Alfred A. Knopf (1892-1984), American publisher, used his commitment to fine books, his marketing skill, and his personality to create a firm of extraordinary distinction.
Alfred A. Knopf was born in New York City on September 12, 1892, to Samuel and Ida Jaffee Knopf. In 1908 he entered Columbia University, where he studied literature with John Erskine and Joel Spingarn and history with Carlton Hayes. During his senior year he began corresponding with the British novelist John Galsworthy, about whom he was writing an essay. He graduated in the spring of 1912, planning to attend Harvard Law School the following fall. That summer, however, he travelled to England, met Galsworthy, became entranced by the literary life, and decided to forego law in favor of a career in publishing.
Knopf's father, an advertising man and financial consultant, helped him to secure a position in the accounting department of Doubleday, Page at eight dollars a week. Knopf stayed at Doubleday for 18 months, in the course of which he wrote a highly effective publicity brochure about Joseph Conrad. In 1914 he left Doubleday to work for the publisher Mitchell Kennerly. The next year, equipped with $5,000, a desk in his father's office, and the assistance of his fiancée Blanche Wolf (whom he married in 1916), Knopf struck out on his own.
From the beginning Knopf books were distinctive in three respects: cosmopolitanism, quality, and design. By 1917, of the 77 books Knopf had issued, more than a quarter were English (including W. H. Hudson's Green Mansions), while continental, Russian, and Asian writers accounted for almost half. In the 1920s Knopf began acquiring such notable American authors as Willa Cather, Carl Van Vechten, and Joseph Hergesheimer. As vice-president of the firm, however, Blanche Knopf perpetuated the house's special interest in foreign books. Thus, by 1960 Knopf had published works by André Gide, Thomas Mann, Sigrid Undset, D. H. Lawrence, Jean-Paul Sartre, and Albert Camus, along with Americans such as Elizabeth Bowen, Dashiell Hammett, and John Hersey.
Knopf's role between 1924 and 1934 as publisher of the iconoclastic magazine The American Mercury, edited until 1933 by H. L. Mencken (another Knopf author), also testified to his cosmopolitan outlook. Moreover, the calibre of the works Knopf brought before the public was extraordinarily high. Sixteen Knopf authors—the largest number from any American publishing house—won Nobel Prizes in literature. Thanks to Knopf's special interest in history (he was a devoted member of the American Historical Association), he published such eminent scholars as R. R. Palmer, Samuel Eliot Morison, and Richard Hofstadter. The Knopf list as a whole reflected Alfred and Blanche Knopf's commitment to the finest literature of the day, irrespective of whether or not it would sell. The Knopfs' preoccupation with quality extended to the format of their books. From the richly textured paper to the colorful cover materials, to the carefully designed type, Knopf books exuded taste and painstaking workmanship.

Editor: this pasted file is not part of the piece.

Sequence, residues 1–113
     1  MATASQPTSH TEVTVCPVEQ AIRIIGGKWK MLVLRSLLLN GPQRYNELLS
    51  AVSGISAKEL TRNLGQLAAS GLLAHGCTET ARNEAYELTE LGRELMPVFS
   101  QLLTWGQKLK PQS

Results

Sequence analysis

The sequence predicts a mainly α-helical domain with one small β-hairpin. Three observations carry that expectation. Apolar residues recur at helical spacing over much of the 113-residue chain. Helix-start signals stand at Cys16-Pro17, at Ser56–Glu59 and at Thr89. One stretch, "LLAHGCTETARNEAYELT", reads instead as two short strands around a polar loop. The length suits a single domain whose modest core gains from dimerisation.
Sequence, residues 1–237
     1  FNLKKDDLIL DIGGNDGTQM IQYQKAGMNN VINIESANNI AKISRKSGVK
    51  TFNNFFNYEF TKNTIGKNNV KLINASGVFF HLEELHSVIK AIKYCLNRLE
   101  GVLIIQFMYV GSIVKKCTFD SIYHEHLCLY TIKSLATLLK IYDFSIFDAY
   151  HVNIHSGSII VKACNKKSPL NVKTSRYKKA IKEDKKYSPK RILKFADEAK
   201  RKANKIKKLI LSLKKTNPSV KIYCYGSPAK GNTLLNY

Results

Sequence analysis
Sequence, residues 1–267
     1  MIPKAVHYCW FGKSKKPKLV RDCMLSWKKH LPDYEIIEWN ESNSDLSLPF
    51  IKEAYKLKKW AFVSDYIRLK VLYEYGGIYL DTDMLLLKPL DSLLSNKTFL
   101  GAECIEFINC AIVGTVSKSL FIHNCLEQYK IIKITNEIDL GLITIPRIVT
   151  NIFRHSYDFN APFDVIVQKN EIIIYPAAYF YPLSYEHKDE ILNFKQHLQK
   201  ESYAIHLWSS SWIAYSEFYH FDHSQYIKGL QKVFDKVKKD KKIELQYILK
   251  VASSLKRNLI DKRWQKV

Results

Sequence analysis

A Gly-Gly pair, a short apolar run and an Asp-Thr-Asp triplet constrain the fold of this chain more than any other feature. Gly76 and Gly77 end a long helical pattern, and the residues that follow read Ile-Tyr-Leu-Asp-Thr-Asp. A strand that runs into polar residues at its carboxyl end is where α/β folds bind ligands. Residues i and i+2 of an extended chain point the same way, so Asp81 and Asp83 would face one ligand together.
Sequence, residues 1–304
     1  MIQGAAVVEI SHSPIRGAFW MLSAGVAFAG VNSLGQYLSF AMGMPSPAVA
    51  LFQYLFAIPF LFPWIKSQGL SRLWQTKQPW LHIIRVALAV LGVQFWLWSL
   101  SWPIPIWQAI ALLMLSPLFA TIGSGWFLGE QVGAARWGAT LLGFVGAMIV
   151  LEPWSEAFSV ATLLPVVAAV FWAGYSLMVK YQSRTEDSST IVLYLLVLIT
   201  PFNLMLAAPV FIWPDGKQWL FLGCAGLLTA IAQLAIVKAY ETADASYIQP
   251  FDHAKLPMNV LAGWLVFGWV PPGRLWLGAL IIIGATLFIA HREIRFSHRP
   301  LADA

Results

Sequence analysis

Knopf's determination to uphold standards in the face of the commercialization of the publishing industry led him to deplore such phenomena as the rise of book clubs. Yet, in his own way, he was a master of marketing. His Borzoi colophon—the drawing of a Russian wolfhound which appeared on every Knopf book—justly became a symbol of excellence, but it also enabled Knopf to sell his product by the label alone. He was the first publisher to use photographs in testimonials, and he advertised books in spaces previously reserved for cars and cigarettes. Knopf's personality also helped to promote his books. Crusty and egotistical, he wore flamboyant shirts from the most exclusive tailors; was a connoisseur of music, food, and wine; nurtured a garden of exotic plants; and enjoyed rare cigars. His self-assured, irascible manner, together with his insistence on the best of everything, shaped his house's image as a purveyor of works of enduring value.
In 1958 the Knopfs' only child, Alfred, Jr., resigned from the firm. Born in 1918, "Pat" Knopf had entered his parents' business as heir apparent, but when they showed no signs of relinquishing their control he left to found Atheneum Publishers. In 1960 Alfred A. Knopf, Inc., was purchased by Random House, a subsidiary of RCA; both were subsequently bought by S. I. Newhouse. Blanche Knopf died in 1966. The following year Knopf married Helen N. Hedrick, a novelist. Although Knopf continued to influence the titles published under his imprint, including works by Toni Morrison, Doris Lessing, and John Updike, with advancing age he began to withdraw from the house's day-today operations.
Knopf's achievements as a publisher of distinguished books brought him half a dozen honorary degrees, as well as decorations from the Polish and Brazilian governments. In addition, his service on the advisory board of the National Parks Commission and his tireless efforts on behalf of conservation earned him numerous awards. Knopf died of congestive heart failure on August 11, 1984, at his estate in Purchase, New York.
Further Reading on Alfred A. Knopf
Information about Alfred A. Knopf's publishing activities appears in Hellmut Lehmann-Haupt, The Book in America (1951); Charles Madison, Book Publishing in America (1966); and John Tebbel, A History of Book Publishing in the United States (1978, 1981). The best source on Knopf's personality as well as his career is a three-part New Yorker magazine profile by Geoffrey T. Hellman (November 20, November 27, and December 4, 1948). See also Alfred A. Knopf: Quarter Century (1940).